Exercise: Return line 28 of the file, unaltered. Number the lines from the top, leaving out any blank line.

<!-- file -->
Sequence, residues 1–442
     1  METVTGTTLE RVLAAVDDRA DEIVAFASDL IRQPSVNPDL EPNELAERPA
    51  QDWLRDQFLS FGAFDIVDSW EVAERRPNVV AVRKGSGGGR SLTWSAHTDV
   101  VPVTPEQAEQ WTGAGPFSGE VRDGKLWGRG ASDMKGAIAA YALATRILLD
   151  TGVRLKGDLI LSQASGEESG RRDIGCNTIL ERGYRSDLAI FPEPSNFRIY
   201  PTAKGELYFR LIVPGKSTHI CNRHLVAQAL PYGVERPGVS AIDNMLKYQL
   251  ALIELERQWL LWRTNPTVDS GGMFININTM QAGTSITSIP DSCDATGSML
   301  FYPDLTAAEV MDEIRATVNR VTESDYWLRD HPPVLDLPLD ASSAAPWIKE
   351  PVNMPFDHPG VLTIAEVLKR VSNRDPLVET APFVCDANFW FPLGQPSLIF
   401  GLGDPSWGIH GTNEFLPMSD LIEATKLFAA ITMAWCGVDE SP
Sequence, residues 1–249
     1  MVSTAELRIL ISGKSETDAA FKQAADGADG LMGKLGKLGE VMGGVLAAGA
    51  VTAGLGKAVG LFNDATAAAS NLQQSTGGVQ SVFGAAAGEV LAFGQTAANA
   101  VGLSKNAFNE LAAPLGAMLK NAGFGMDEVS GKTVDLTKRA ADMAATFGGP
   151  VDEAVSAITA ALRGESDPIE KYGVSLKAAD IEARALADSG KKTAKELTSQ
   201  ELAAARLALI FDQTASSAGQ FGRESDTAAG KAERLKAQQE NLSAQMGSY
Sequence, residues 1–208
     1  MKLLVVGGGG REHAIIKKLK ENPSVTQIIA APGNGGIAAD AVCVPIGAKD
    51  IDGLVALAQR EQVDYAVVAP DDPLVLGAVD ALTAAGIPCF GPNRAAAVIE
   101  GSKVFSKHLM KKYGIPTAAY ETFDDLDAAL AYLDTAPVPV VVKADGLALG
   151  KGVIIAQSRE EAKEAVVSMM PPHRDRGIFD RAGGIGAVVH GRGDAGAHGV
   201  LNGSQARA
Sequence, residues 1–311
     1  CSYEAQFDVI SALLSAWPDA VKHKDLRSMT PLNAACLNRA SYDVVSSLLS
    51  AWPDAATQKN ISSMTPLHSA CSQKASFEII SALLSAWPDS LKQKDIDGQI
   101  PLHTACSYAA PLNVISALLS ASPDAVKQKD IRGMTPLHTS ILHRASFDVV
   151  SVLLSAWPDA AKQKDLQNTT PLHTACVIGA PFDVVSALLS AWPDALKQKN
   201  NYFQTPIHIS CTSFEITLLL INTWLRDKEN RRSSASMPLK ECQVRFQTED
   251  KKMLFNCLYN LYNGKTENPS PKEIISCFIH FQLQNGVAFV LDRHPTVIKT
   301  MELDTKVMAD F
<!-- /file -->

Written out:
   201  NYFQTPIHIS CTSFEITLLL INTWLRDKEN RRSSASMPLK ECQVRFQTED